Research published in American Journal of Critical Care finds CCRN certification a differentiating factor in nurses’ knowledge of and perceived value in evidence-based practice
Newswise — Nurses with specialty certification may play an integral part in speeding translation of the latest research into everyday clinical practice, thereby ensuring that critically ill patients receive the highest quality of care, according to a study conducted at UPMC (University of Pittsburgh Medical Center).
A survey of 268 critical care nurses in six UPMC hospitals found a strong association between nurses who were certified in critical care and their knowledge of and perceived value in specific evidence-based practices used to care for patients receiving mechanical ventilation.
The results, “Factors Associated with Nurses’ Knowledge of and Perceived Value in Evidence-Based Practices,” are published in the January issue of American Journal of Critical Care (AJCC).
Overall, respondents reported a high level of perceived knowledge of three specific evidence-based practices used in caring for patients receiving mechanical ventilation: spontaneous breathing trials, lung-protective ventilation and daily interruption of sedation. When compared with noncertified nurses, certified nurses reported greater perceived value of all three practices and significantly more perceived knowledge of spontaneous breathing trials and lung-protective ventilation.
In addition, all respondents reported strong professional identity, self-efficacy and role clarity, all with mean scores greater than 4.0 on a 5-point scale. Nurses who held specialty certification reported higher levels of self-efficacy and role clarity than their noncertified colleagues.
An interdisciplinary research team with the Clinical Research, Investigation, and Systems Modeling of Acute Illness (CRISMA) Center at the University of Pittsburgh’s Department of Critical Care Medicine conducted the study in 12 adult intensive care units (ICUs) within six UPMC hospitals. The 44-item survey was associated with a larger study examining ICU team function and the delivery of evidence-based practices, with funding from the U.S. National Institutes of Health and its National Heart, Lung, and Blood Institute.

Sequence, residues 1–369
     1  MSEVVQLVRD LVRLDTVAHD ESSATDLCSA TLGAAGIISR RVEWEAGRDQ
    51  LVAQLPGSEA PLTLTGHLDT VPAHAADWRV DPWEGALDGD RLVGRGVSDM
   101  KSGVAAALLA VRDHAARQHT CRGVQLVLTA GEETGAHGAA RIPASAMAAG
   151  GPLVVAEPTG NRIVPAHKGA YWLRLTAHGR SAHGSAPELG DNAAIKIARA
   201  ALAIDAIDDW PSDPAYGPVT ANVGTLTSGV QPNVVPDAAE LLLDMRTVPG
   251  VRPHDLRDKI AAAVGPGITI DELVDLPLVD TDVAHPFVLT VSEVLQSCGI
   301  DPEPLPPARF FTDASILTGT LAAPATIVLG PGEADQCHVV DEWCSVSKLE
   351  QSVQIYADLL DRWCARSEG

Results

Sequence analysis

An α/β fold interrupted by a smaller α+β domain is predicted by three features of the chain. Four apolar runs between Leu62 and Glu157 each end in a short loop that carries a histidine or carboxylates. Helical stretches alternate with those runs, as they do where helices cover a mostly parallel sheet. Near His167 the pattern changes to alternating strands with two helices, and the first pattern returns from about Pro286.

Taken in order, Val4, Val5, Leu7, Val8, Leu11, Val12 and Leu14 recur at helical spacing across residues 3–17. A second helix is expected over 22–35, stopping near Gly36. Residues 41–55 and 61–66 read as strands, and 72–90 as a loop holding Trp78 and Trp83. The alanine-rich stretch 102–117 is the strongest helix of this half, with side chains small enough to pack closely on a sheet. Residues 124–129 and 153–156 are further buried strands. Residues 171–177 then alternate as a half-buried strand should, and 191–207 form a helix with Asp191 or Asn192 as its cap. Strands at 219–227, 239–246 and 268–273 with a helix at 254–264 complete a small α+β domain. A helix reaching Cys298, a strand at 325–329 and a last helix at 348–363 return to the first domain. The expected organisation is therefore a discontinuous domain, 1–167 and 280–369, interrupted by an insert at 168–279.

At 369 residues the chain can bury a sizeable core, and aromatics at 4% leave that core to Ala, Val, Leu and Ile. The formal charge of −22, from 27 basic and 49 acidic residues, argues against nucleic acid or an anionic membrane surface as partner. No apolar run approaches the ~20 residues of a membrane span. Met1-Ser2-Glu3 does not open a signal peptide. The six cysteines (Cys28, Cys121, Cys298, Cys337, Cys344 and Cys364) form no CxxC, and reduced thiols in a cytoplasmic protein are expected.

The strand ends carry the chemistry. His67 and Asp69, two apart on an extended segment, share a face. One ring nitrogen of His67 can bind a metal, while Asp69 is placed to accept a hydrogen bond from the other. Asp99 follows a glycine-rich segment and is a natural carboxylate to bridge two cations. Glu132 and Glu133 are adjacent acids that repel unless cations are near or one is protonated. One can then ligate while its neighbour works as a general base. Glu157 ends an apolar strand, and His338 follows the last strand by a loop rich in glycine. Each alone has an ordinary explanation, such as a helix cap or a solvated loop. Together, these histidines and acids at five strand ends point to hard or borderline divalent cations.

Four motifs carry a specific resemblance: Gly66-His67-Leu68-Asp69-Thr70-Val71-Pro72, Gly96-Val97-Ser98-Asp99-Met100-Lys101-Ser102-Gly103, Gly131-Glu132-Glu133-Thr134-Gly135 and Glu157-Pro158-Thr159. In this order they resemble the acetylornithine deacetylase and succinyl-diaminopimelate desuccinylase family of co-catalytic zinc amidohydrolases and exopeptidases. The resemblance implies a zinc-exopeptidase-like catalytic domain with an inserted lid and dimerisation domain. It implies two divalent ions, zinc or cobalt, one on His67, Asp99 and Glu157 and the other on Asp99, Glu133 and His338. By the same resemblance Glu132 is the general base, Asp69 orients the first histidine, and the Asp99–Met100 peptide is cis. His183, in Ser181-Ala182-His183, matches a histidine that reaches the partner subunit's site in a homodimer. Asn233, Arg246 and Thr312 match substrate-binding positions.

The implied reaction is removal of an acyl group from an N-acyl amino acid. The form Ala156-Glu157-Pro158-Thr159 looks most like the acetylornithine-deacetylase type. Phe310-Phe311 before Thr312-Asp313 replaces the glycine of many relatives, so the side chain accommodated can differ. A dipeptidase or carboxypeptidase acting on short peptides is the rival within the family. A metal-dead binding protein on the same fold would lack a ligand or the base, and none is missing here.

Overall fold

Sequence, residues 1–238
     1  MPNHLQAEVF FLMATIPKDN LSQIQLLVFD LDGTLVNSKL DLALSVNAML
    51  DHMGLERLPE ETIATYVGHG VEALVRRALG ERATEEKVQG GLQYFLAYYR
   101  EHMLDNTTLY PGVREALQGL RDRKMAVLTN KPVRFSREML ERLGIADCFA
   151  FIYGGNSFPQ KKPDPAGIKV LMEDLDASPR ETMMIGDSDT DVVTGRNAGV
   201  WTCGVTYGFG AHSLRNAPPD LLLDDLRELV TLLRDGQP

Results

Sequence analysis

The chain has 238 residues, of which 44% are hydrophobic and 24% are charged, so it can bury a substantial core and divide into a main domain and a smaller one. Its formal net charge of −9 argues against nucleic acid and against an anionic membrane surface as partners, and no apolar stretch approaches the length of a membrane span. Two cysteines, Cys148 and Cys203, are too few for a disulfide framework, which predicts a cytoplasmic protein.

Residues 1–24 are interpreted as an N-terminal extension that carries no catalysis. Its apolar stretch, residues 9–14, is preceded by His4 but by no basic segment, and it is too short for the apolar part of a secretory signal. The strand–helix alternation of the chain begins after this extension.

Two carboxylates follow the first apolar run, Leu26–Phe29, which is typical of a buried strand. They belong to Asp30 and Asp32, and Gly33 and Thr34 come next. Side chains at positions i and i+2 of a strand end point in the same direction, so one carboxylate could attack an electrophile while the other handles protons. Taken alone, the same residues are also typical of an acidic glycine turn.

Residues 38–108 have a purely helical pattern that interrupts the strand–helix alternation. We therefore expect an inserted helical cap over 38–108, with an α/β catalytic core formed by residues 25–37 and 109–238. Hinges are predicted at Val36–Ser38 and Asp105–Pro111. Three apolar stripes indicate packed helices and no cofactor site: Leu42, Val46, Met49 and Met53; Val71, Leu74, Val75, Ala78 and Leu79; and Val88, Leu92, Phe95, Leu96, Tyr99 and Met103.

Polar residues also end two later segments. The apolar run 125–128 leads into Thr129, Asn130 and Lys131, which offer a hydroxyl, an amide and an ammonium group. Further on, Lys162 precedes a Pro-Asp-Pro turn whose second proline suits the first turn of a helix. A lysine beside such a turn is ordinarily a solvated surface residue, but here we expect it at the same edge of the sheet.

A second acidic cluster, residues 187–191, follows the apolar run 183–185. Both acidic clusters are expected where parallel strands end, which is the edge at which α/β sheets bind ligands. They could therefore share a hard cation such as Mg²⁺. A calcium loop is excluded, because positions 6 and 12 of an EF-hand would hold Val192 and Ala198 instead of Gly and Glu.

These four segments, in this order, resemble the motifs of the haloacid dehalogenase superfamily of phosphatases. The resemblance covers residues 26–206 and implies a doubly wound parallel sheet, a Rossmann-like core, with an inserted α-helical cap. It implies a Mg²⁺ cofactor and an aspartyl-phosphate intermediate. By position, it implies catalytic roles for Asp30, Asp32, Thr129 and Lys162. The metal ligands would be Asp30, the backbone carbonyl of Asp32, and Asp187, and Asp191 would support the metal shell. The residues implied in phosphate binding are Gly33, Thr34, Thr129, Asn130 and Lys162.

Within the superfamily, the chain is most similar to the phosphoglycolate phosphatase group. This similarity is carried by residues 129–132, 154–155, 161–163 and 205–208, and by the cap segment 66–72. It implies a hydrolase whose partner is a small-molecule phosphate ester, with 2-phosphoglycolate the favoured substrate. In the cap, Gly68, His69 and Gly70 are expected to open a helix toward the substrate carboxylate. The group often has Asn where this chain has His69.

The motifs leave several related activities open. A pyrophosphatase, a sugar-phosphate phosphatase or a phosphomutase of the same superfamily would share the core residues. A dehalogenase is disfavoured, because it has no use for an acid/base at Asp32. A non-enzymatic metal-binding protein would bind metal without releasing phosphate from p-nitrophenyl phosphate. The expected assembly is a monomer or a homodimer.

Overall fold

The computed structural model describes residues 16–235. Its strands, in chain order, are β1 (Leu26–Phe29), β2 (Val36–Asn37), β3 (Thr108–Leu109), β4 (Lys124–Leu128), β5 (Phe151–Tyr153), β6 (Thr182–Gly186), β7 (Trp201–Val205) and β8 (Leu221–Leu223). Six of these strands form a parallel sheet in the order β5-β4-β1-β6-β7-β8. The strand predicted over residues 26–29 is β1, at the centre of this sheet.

“Many evidence-based practices remain underused, partly because of gaps between providers’ attitudes toward practices and the delivery of care at the bedside. Our findings support the value of nurses with specialty certification, especially among institutions that aim to improve outcomes and increase the adoption of evidence-based practices,” said co-author Kristin Hittle Gigli, PhD, RN, CPNP-AC, CCRN, a postdoctoral research fellow at the CRISMA Center.
The results did not indicate a strong relationship between nurses’ education levels and evidence-based practices, and the researchers point to the high percentage of respondents with a bachelor’s degree or higher (70.9%) as a potential factor in the lack of association. In addition, the survey did not ask about years of experience or certifications other than CCRN, which may be additional elements influencing nurses’ individual beliefs and perceptions.
CCRN® specialty certification is for nurses who provide direct care to acutely/critically ill adult, pediatric or neonatal patients regardless of their physical location. Nurses interested in this certification may work in areas such as intensive care units, cardiac care units, combined ICU/CCUs, medical/surgical ICUs, trauma units or critical care transport/flight.
CCRN is one of several credentials granted by AACN Certification Corporation, the credentialing arm of the American Association of Critical-Care Nurses. Currently, more than 120,000 acute and critical care nurses hold AACN Certification Corporation credentials: CCRN, CCRN-K, CCRN-E, PCCN, PCCN-K, ACNPC, ACNPC-AG, CCNS, ACCNS-AG, ACCNS-P, ACCNS-N, CMC and CSC. For more information, visit https://www.aacn.org/certification.
To access the article and full-text PDF, visit the AJCC website at www.ajcconline.org.